That would require ICR, or intelligent character recognition, and that technology is still emerging and isn’t widely available to consumers yet.
The Solution: Evernote doesn’t transcribe documents. To get the genealogical content from the sketches into Evernote, Rosie will need to start a new Evernote note and re-type the documents herself. Once that is done, then Evernote can apply OCR to the note and the typed transcription will be keyword-searchable.
A Solution for Type and Printing if you aren’t an Evernote Premium user:
If you are fortunate enough to discover a long-sought after genealogical document such as Rosie did, and your PDF document is typed text or simple, neat printing then you are in luck. There are free conversion tools available online that can do the trick. I use ConvertOnlineFree.com
to convert my PDF document to text. I like it because I can use the tool directly from the web without having to download software to my computer.
(As with all tools we discuss here you’ll need to do your own homework and decide if it is right for you.)
1. click the Choose File
2. select the PDF file I want to convert from my computer
3. click the Convert button
4. save the converted file to my computer
5. copy and paste the text into a new note in Evernote, and OCR does the rest.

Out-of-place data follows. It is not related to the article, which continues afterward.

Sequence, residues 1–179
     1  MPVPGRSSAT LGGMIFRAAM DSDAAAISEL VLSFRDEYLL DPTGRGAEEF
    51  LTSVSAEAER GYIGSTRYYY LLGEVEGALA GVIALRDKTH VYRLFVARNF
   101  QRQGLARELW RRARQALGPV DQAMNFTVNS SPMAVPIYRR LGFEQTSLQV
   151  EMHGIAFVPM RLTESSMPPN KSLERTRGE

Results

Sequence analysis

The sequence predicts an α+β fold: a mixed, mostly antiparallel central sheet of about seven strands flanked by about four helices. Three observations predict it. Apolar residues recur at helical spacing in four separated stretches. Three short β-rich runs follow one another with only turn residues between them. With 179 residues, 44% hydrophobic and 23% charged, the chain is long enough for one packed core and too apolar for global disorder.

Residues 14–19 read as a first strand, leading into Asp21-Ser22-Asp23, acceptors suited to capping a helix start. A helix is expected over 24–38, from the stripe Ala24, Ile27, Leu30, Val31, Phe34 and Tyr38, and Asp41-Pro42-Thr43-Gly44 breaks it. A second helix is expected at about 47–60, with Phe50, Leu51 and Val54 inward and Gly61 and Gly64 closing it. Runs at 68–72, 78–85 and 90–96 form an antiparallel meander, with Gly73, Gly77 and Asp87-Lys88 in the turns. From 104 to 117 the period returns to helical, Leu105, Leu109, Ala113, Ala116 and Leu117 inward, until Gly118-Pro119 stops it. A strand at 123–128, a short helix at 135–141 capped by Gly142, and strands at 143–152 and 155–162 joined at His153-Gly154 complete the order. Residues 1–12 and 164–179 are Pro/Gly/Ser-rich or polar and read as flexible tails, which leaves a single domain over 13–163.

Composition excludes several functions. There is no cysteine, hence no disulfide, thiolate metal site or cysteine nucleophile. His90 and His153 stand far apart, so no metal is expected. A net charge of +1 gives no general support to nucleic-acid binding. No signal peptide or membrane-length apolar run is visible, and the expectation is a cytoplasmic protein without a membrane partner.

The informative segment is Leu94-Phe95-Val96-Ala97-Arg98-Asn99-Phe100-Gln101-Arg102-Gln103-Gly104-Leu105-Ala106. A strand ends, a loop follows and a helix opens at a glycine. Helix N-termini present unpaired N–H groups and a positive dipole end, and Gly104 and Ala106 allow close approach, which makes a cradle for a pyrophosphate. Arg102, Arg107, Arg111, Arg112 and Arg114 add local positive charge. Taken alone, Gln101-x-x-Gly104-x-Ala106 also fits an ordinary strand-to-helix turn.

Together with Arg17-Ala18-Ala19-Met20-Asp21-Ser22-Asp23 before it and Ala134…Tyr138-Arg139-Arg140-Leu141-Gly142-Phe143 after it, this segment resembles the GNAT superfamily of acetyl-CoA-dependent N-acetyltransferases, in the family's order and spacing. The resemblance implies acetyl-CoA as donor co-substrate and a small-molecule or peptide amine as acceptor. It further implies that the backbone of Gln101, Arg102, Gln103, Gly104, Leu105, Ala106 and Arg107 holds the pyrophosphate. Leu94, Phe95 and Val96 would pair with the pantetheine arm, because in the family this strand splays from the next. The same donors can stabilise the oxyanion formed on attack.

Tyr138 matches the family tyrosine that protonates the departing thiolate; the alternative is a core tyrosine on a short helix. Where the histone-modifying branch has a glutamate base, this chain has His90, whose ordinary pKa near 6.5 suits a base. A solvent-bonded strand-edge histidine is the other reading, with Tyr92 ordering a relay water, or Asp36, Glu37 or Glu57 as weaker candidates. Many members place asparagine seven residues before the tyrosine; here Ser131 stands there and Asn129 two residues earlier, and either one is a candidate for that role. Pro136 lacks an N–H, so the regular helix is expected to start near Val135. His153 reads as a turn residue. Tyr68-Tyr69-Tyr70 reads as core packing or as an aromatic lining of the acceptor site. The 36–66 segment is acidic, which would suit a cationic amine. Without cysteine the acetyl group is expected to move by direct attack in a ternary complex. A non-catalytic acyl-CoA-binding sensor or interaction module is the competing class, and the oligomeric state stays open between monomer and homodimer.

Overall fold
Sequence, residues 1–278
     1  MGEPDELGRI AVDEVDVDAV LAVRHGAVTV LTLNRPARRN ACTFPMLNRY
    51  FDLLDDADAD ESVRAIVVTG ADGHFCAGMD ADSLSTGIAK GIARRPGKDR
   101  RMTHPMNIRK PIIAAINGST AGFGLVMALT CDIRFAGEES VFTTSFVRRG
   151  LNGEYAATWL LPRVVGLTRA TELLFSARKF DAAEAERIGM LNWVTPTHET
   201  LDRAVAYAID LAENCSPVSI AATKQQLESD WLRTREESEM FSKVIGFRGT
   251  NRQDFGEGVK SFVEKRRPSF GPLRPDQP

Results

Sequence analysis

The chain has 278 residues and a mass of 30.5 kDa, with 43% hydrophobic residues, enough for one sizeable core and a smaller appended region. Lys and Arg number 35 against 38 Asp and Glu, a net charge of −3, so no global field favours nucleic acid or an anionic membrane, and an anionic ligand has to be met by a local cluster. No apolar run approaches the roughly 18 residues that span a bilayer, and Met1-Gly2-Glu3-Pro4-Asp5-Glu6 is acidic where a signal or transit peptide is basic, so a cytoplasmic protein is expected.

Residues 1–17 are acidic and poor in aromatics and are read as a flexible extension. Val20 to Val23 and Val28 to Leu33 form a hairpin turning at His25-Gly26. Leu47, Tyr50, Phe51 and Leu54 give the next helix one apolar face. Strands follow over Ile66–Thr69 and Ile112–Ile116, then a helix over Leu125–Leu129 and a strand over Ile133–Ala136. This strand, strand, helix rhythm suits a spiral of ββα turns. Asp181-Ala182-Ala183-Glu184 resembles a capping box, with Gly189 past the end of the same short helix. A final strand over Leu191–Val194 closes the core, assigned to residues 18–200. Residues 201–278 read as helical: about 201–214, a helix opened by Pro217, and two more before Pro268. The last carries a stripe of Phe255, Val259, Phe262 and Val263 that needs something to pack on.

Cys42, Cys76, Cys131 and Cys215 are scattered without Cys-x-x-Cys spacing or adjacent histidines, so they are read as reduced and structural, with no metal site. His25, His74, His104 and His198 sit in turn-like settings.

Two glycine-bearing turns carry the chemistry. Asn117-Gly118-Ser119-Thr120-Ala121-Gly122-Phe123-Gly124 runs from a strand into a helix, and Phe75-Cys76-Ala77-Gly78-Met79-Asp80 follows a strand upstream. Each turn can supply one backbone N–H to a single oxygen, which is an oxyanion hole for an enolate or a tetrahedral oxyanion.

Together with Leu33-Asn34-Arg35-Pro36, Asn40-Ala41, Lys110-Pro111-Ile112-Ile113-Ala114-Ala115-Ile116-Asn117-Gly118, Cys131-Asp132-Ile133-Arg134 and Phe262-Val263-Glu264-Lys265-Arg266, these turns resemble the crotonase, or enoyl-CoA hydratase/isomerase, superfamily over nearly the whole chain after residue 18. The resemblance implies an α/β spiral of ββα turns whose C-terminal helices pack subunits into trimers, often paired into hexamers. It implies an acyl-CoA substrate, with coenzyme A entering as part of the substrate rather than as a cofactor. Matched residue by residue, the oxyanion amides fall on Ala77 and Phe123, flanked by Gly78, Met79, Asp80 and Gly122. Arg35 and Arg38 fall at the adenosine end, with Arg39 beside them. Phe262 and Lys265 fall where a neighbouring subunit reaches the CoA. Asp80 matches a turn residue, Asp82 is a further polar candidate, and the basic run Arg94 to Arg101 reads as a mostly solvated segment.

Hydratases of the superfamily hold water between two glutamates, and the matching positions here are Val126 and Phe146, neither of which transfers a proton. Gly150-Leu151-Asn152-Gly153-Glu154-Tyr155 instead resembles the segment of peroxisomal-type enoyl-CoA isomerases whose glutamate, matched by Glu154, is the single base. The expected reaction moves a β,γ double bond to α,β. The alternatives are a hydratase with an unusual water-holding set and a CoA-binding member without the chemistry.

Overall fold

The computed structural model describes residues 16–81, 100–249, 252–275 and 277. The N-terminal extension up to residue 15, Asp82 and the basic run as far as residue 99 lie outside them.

How to Use Evernote for Genealogy: The Ultimate Education
Evernote for Genealogy laminated quick reference guide, available for for both Windows and Mac users. This guide is handy for everyday reference, and it’s packed with time saving tips you can use every day in your genealogy research.
How to Add Text to a Web Clipping in Evernote
It’s nice to share
Do you know other genealogists who use Evernote? Why not share this post with them? Use our handy social media buttons at the top of this post, or copy the and paste the URL into an email. Your friends will thank you!
by Lisa Cooke | Jun 13, 2015 | 01 What's New, Craft & Displays, Holidays, images, Kids, Photographs
Looking for a quick and easy craft to do? My mom made these cute ornaments for volunteers who work in the genealogy room of the public library with her.
These little framed photos of the volunteers’ ancestors would make fantastic ornaments to hang on a holiday tree or–year-round as my mother-in-law does–on a decorative metal family tree.